“I went into it willing myself to be strong,” said Ung, who was sponsored by a church group after the war and resettled in Vermont and is now a human-rights activist. “I prepped myself for the hard scenes, the bombs and the soldiers and the land mines. But I found that the scenes that broke me the most were the first scenes with the family sitting down together for dinner. It was as simple as that. To see all nine of us at a table, just eating a meal — moments like that brought it back to what it’s all about, which is the love of family and all of us trying to survive together.”

Shooting the film in Cambodia in what became the largest production in the country since the war, Jolie drew upon every tool she had learned directing her previous features, 2011’s “In the Land of Blood and Honey,” 2014’s “Unbroken” and 2015’s “By the Sea.”

“I think I settled more into a voice,” she said. “Maybe it’s because of Maddox, I don’t know, but I feel like I broke from the box a little bit and I felt bolder in the choices. I think just that little bit more confidence than I had before helped me to stay calm and let things happen on set.”

As for Maddox, Jolie said that working on the film, on which he is credited as an executive producer, put him more deeply in touch with his Cambodian heritage. “I never wanted to press on him that he had to be connected or had to love Cambodia,” she said. “That had to come naturally, and he had to confront a lot of hard realities of what his birth parents had probably lived through. But what happened was, yes, there was a lot to learn but he made something. He created something with his fellow countrymen. He was part of a Cambodian crew, part of a Cambodian film, as a Cambodian.”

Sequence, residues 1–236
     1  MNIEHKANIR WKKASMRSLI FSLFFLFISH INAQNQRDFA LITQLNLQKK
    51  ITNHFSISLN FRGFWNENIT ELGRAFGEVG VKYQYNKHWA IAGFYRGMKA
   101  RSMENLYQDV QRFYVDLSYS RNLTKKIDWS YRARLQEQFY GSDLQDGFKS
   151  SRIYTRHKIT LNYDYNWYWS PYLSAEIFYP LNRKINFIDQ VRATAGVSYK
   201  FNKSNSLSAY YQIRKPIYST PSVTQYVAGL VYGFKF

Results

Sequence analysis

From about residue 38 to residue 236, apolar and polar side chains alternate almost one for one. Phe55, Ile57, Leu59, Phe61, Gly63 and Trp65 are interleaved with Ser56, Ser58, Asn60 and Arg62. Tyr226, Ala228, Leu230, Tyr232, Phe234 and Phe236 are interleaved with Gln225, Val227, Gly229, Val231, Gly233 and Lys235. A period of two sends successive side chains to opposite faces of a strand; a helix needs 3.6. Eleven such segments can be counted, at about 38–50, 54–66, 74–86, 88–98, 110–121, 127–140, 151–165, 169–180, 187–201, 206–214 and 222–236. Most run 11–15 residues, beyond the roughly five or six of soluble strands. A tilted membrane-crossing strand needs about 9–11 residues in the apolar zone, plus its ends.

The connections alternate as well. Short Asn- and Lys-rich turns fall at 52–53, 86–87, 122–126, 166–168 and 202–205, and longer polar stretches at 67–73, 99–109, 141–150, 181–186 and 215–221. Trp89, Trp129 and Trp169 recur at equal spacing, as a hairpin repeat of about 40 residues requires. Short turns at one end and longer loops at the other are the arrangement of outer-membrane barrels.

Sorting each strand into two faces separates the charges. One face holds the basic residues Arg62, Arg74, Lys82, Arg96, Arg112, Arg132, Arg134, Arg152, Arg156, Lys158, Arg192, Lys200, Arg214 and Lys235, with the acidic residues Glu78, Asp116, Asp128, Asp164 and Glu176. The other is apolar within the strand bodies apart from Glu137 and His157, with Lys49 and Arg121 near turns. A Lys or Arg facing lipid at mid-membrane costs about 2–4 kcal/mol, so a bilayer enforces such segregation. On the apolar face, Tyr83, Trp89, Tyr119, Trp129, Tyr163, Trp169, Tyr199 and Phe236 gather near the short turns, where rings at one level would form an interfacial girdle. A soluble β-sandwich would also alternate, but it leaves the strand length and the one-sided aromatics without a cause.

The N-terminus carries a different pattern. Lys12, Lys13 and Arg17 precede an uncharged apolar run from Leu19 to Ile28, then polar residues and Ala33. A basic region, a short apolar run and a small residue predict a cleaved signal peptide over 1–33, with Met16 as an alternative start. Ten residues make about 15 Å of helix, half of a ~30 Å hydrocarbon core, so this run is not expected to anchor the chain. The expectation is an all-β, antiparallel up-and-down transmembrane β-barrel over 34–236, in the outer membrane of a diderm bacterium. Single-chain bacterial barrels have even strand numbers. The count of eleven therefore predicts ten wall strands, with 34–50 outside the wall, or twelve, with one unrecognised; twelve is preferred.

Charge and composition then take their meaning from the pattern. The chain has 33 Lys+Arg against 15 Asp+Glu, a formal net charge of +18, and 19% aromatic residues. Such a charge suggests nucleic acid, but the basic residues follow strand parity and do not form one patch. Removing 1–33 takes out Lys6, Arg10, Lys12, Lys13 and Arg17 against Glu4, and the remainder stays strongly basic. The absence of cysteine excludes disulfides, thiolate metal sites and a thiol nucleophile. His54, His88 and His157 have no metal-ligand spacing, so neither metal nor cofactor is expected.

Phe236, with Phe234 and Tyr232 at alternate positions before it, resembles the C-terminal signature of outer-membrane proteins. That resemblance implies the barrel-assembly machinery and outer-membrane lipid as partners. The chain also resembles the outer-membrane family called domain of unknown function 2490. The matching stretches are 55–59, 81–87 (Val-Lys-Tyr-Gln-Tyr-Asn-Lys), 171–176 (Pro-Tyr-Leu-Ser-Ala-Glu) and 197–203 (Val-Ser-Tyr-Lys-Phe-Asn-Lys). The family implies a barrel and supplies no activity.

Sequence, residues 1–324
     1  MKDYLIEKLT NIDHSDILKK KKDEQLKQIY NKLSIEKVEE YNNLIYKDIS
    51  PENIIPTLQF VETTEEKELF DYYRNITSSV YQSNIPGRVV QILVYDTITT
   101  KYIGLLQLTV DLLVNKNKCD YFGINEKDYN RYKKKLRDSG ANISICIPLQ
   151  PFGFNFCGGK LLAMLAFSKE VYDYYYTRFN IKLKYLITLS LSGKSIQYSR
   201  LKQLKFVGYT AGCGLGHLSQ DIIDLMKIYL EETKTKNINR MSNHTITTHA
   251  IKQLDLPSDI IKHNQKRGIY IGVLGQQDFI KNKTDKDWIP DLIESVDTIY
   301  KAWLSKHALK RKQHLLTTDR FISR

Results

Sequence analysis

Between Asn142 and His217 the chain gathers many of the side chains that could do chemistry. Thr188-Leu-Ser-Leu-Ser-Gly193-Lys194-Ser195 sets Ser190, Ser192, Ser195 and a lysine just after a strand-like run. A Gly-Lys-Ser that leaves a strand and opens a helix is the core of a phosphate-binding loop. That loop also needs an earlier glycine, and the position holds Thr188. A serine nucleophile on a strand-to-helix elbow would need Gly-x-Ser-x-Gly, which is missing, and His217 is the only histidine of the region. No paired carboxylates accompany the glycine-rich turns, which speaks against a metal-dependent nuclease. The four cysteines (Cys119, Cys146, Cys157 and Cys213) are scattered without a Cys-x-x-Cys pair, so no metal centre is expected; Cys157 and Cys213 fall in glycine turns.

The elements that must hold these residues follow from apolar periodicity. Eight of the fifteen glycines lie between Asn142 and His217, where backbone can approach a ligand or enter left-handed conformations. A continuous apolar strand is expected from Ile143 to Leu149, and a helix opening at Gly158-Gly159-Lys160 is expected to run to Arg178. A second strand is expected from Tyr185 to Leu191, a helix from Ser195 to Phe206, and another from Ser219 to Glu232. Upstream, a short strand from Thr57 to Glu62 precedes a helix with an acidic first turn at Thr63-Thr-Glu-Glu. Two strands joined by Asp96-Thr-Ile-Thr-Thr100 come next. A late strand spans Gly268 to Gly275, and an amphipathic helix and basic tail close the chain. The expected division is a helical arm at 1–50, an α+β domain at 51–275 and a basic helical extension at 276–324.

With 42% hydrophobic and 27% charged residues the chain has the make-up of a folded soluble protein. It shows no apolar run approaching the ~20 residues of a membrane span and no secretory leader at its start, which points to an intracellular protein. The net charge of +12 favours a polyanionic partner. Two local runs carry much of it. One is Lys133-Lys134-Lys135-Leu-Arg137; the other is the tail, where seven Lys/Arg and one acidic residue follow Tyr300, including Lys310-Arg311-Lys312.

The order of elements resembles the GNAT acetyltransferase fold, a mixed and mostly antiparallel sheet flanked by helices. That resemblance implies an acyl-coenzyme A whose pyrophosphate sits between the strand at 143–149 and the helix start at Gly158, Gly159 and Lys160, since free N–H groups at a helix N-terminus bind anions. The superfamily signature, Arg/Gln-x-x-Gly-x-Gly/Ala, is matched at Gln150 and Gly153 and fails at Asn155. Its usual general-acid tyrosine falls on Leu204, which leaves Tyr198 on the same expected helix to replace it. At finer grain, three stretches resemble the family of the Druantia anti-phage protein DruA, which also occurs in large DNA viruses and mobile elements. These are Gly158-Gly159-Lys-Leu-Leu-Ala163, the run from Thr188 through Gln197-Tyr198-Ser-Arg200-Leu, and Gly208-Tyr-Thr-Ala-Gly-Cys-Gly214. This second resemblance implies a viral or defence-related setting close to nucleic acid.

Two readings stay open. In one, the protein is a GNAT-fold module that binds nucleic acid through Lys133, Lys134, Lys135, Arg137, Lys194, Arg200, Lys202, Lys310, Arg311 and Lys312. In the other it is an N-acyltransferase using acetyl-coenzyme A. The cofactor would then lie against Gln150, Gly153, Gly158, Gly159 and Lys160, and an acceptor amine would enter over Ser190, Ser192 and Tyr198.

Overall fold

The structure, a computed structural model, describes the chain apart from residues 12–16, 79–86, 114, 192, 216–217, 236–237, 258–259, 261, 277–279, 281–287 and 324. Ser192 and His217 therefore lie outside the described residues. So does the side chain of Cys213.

Though it’s safe to say that “First They Killed My Father” is not a film that most Hollywood studios would have jumped at the idea of making, Netflix agreed early on to back it. “It is true that this type of film would be difficult to make at a major studio because it it lacks star power and is in a foreign language,” said Scott Stuber, who oversees Netflix’s growing slate of original feature films. “We are fortunate because, for us, we have over 100 million members around the world who have unique and diverse tastes, and we have seen the power of good storytelling traveling globally.”

That said, Jolie is aware that a film about a genocide that took place decades ago in a country many Americans would have difficulty finding on a map may not necessarily be the easiest sell to domestic audiences, particularly these days. As someone who is deeply concerned with the rest of the world, she says the strain of isolationism that has taken hold in this country’s political life troubles her.

“Maybe it’s because I wake up in the morning and my children are from many different countries and we travel in the world,” she said. “I live in the world. I’m proud to be American but I’m also proud to be Cambodian. I’m proud my daughter [Zahara] is Ethiopian. I think America is built on diversity and when we are at our best we are engaging in the world, pushing, representing something. And when we’re not able to do that, the damage that can have — how that spreads into all the other crises and conflicts and human-rights abuses in the world — is something we all need to be very aware of.”